Facebook says comment shared by Netanyahu as incitement against him is fake

Police launch probe after social media giant removes profile that wrote PM should get ‘bullet to the head’; spokesman for Netanyahu says notion he himself was behind it is ‘stupid’

Prime Minister Benjamin Netanyahu gives a televised statement at the Defense Ministry in Tel Aviv on July 27, 2020. (Tal Shahar/Pool/AFP)
Prime Minister Benjamin Netanyahu gives a televised statement at the Defense Ministry in Tel Aviv on July 27, 2020. (Tal Shahar/Pool/AFP)

Facebook said Thursday that a comment calling for the murder of Prime Minister Benjamin Netanyahu, which was shared a day earlier by the premier as an example of alleged incitement against him by anti-government protesters, was posted by a fake profile.

The comment by a user called Dana Ron had said the premier should be ousted “only by force… dictators are removed only with a bullet to the head!”

Police launched a probe to find who was behind the fake account.

A spokesperson for Netanyahu denied some suggestions that Netanyahu himself was behind the fake profile, calling such claims “stupid.”

Netanyahu had posted a screenshot of the comment to create an equivalence in a statement condemning suspected right-wing attacks on protesters who demonstrated the previous evening in Tel Aviv against his government.

The statement, which came after the prime minister was panned for his nearly day-long silence following the violence, made a point of mentioning a police officer who was injured in a recent protest as well as the alleged threats against Netanyahu and his family.

“The investigation of the incident in Tel Aviv is underway. I expect the police to get at the truth and bring to justice those responsible. There’s no room for violence for any reason. At the same time, there’s no room for incitement or threats of murder — explicitly or implicitly — against me and members of my family,” he wrote on Facebook, alongside a screenshot of the comment.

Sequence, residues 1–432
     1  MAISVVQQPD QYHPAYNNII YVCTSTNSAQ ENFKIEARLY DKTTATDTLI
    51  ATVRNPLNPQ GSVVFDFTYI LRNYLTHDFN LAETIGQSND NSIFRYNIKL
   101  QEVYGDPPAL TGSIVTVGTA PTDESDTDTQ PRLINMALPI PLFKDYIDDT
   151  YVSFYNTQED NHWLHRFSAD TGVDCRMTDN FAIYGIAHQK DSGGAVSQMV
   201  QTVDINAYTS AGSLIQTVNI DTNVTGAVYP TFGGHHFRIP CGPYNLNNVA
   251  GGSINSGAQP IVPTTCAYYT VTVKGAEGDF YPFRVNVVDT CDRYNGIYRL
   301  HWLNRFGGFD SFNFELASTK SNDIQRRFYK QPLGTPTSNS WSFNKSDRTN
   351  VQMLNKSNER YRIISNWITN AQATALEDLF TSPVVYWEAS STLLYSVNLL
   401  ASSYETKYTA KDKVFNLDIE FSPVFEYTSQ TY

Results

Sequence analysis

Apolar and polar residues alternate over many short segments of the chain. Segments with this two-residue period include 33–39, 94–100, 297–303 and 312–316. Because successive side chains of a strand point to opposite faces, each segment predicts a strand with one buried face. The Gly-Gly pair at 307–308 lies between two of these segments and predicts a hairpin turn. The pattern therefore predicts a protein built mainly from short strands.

However, a series of posts by Twitter user Yossi Dorfman cast doubt over the comment’s authenticity.

The user who posted it, Dana Mor, shared at least seven posts attacking Netanyahu in 10 minutes, around 2 a.m., two hours after the suspected right-wing attack on protesters. Many of the shared posts were old, and one was from September 2019 and related to Knesset elections that were held at the time.

Minutes afterwards, the profile’s bio was updated twice in two minutes. That was an hour after a live video from the protest was uploaded by activist Orly Bar-Lev, under which the offending comment was apparently posted.

Posts from two weeks ago by the profile dealt with a Japanese reality show. Its first activity was in March, when it uploaded a photo that appeared to criticize Netanyahu — but from the right, not the left.

Dorfman concluded that the profile was an “avatar,” a fake profile used for political purposes. He said it didn’t have a profile picture or a public friend list, and that its URL has a different generic name, Dana Levi.

One of the only profiles that had liked Ron’s anti-Netanyahu posts was an equally suspicious account called Lali Mor. That profile is friends with primarily Netanyahu supporters, and has liked the pages of his son Yair, right-wing politician Bezalel Smotrich, and other right-wing pages.

A spokeswoman for Facebook Israel told Hebrew-language media Thursday that “a probe by our global teams around the world has concluded that the said profile is fake, and it was therefore removed immediately from the platform.

“Additionally, the comment itself violates our policy regarding calls for violence and was therefore removed along with the profile through which it was written,” the spokesperson added.

A statement posted by Netanyahu’s Likud party and citing the prime minister’s “associates” said that “if this is an anonymous profile operated by parties calling for the prime minister’s murder, this is no less severe. Police must locate them, bring them to justice and take determined action against the dozens of inciting and threatening posts published daily against the prime minister and his family.”

And Ofer Golan, a spokesperson for Netanyahu’s family, denounced as “stupid” the notion that the premier and his team were behind the fake profile.

“I’ve heard about the stupid idea that the prime minister and his team are behind the fake profile,” Golan tweets.

“I want to clarify that the prime minister expects the police cyber unit to locate the post’s author immediately and bring them to justice. They have all the resources to reach them in a short time.”

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